Close Up

University of Technology Sydney

Friday 23 October 2015 2.30 – 5.00 pm

A Pop-up Workshop


Copy archive Tate


‘Distant reading’ as ‘close reading’; Or, how to escape hermetic hermeneutics in approaching digital archives

KATHERINE BODE (Centre for Digital Humanities Research, ANU)

Digital technologies are transforming our relationship to the archive. Current responses in literary studies – gathered under the banner of ‘distant reading’ – focus on the analytical potential of this situation, with little attention to the systems and structures producing these digital archives. In this form, ‘distant reading’ does not reject but perpetuates key assumptions and rhetoric of ‘close reading,’ and the New Criticism movement it arose from. Rather than debating methods, humanities scholars should articulate a new framework for our relationship to digital archives, with an apparatus and mode of publication that brings longstanding insights regarding the complexities and constraints of archives into the digital age.

Memory and Oblivion: The Photographic Work of Anne Ferran and Rosângela Rennó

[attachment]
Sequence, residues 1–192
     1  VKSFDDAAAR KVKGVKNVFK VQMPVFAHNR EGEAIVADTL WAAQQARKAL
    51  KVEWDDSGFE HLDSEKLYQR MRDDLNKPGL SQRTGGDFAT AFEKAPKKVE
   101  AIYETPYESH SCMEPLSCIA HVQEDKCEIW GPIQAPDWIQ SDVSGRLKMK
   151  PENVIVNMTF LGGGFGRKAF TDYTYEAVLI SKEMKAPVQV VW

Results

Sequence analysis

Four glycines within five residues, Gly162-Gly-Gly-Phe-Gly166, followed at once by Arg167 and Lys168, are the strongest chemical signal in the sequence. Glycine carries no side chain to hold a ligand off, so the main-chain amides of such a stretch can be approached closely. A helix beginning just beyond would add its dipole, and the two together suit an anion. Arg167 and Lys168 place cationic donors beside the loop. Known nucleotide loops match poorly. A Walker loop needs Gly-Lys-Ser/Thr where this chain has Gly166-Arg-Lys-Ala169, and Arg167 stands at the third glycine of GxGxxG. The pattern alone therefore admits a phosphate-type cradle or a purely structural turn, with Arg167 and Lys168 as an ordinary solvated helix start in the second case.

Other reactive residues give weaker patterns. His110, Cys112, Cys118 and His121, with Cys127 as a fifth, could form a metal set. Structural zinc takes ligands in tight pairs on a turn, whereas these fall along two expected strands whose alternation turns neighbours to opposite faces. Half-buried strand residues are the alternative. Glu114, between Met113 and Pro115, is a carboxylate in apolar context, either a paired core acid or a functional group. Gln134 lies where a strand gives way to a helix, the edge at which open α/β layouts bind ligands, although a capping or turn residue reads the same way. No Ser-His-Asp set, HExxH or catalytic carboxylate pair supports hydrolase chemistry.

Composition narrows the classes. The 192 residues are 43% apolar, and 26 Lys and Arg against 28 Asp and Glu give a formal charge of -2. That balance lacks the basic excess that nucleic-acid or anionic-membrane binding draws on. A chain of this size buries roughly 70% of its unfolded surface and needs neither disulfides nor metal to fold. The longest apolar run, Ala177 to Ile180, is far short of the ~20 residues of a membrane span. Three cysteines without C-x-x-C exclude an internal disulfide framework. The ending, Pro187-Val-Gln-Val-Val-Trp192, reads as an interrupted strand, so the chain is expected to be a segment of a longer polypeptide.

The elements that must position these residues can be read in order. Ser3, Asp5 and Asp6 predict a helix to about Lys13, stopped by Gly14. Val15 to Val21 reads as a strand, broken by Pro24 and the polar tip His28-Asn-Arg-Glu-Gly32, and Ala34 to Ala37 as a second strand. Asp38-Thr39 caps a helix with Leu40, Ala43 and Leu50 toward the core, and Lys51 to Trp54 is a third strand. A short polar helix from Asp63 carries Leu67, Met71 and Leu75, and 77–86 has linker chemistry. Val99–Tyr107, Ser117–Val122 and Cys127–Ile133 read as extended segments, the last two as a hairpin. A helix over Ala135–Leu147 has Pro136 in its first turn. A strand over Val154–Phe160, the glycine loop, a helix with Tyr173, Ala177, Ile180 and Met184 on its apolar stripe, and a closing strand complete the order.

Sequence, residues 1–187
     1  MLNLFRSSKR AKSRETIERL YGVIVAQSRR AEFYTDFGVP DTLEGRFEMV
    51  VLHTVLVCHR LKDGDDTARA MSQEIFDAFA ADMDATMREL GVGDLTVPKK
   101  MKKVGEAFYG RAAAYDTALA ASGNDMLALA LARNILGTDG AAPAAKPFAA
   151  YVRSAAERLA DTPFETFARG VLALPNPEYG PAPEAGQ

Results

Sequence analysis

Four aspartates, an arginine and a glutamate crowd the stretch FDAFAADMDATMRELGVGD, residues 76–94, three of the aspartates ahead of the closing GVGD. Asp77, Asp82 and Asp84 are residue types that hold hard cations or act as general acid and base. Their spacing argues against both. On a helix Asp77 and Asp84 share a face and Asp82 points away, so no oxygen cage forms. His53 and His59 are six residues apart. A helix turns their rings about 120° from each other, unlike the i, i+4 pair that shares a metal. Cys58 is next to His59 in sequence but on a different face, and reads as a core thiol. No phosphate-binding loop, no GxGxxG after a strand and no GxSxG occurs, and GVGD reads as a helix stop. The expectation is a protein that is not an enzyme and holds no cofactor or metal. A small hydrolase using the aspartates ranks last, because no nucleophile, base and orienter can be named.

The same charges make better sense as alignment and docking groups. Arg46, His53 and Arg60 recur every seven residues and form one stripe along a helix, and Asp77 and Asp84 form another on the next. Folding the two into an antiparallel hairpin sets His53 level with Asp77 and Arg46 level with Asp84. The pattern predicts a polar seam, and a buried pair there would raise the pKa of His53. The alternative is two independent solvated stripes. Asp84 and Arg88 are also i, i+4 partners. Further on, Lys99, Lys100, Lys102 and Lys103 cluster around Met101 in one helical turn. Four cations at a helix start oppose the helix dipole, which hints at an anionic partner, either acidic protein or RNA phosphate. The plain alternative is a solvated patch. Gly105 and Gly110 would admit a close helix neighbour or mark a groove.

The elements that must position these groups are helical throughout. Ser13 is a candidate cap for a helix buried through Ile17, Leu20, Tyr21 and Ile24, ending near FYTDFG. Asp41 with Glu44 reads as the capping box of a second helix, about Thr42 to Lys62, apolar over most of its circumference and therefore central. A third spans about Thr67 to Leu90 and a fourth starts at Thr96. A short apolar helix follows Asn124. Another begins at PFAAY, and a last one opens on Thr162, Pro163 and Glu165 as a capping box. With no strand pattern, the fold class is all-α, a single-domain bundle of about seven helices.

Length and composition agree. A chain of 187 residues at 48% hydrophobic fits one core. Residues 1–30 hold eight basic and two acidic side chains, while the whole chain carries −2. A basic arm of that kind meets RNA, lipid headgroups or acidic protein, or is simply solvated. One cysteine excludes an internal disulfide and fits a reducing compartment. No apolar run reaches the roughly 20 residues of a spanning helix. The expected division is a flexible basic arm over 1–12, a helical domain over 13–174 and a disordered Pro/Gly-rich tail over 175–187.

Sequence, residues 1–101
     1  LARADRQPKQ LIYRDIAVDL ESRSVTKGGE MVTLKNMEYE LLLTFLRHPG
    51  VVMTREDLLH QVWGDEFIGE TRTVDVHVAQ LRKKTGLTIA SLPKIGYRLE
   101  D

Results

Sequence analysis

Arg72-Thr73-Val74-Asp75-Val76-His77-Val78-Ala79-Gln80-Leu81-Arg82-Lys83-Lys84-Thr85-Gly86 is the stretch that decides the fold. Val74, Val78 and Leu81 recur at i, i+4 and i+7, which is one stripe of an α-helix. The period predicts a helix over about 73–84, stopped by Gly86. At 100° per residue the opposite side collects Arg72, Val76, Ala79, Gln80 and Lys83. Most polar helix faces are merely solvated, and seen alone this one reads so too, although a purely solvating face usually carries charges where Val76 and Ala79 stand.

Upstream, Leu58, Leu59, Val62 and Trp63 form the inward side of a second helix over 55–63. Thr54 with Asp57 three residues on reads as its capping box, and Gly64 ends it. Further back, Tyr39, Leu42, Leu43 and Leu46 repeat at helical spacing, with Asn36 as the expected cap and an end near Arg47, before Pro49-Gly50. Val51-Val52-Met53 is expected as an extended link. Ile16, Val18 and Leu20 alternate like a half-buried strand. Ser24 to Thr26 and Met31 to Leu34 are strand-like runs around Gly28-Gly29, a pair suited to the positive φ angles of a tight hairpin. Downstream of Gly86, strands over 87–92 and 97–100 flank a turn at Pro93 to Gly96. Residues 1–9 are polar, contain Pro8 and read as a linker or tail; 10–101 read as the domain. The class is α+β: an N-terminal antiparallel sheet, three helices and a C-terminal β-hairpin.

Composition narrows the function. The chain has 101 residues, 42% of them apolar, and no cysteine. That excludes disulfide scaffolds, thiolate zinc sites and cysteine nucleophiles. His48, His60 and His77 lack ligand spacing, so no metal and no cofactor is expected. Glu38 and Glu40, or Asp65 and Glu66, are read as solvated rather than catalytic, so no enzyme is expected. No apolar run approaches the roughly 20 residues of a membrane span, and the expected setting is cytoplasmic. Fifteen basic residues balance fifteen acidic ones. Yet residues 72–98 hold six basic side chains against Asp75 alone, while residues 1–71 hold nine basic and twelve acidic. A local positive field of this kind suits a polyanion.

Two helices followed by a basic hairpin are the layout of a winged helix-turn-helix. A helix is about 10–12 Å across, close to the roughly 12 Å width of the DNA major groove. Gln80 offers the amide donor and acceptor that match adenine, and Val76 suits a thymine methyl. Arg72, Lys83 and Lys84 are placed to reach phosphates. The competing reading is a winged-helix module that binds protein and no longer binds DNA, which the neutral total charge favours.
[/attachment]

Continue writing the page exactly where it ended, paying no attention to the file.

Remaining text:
SUSAN BEST (Queensland College of Art, Griffith University)

This paper examines the tensions between archives and public memory on the one hand, and forgetting and questions of representability on the other. I focus on two artists: Brazilian photographer Rosângela Rennó and Australian photographer Anne Ferran.  In particular, I examine two series by Rennó, Vulgo (1998-99) and Corpo da Alma (1990-2003), and two series by Ferran, 1-38 (2003) and Lost to Worlds (2008).  All of these works deal with forgotten or invisible histories that the artists attempt to salvage from oblivion.  Both artists thus bring to light national histories that Ulrich Baer has recently described as the ones “no one ever wanted to know about.”

Mass Observation as Sociology’s Archive

 LISA ADKINS (Sociology, University of Newcastle)

Like many social science and humanities disciplines, sociology is at present renewing and reworking its commitment to the empirical. This renewal includes calls for sociologists to work not only with an empirical of the senses but also of sensation and unexperience and not just with an empirical of what is, but also of the yet to come, that is, an empirical of events which have not yet or may not ever arrive. In this paper I ask what such expanded notions of the empirical might mean for the practice of historical sociology. I address this question via my current research on unemployment and time which draws in part on Mass Observation’s holdings of day survey data from the late 1930s. 

Places are limited. If you would like to attend please email: ​

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Archive Futures in association with the AUSTRALIAN CENTRE FOR PUBLIC HISTORY​

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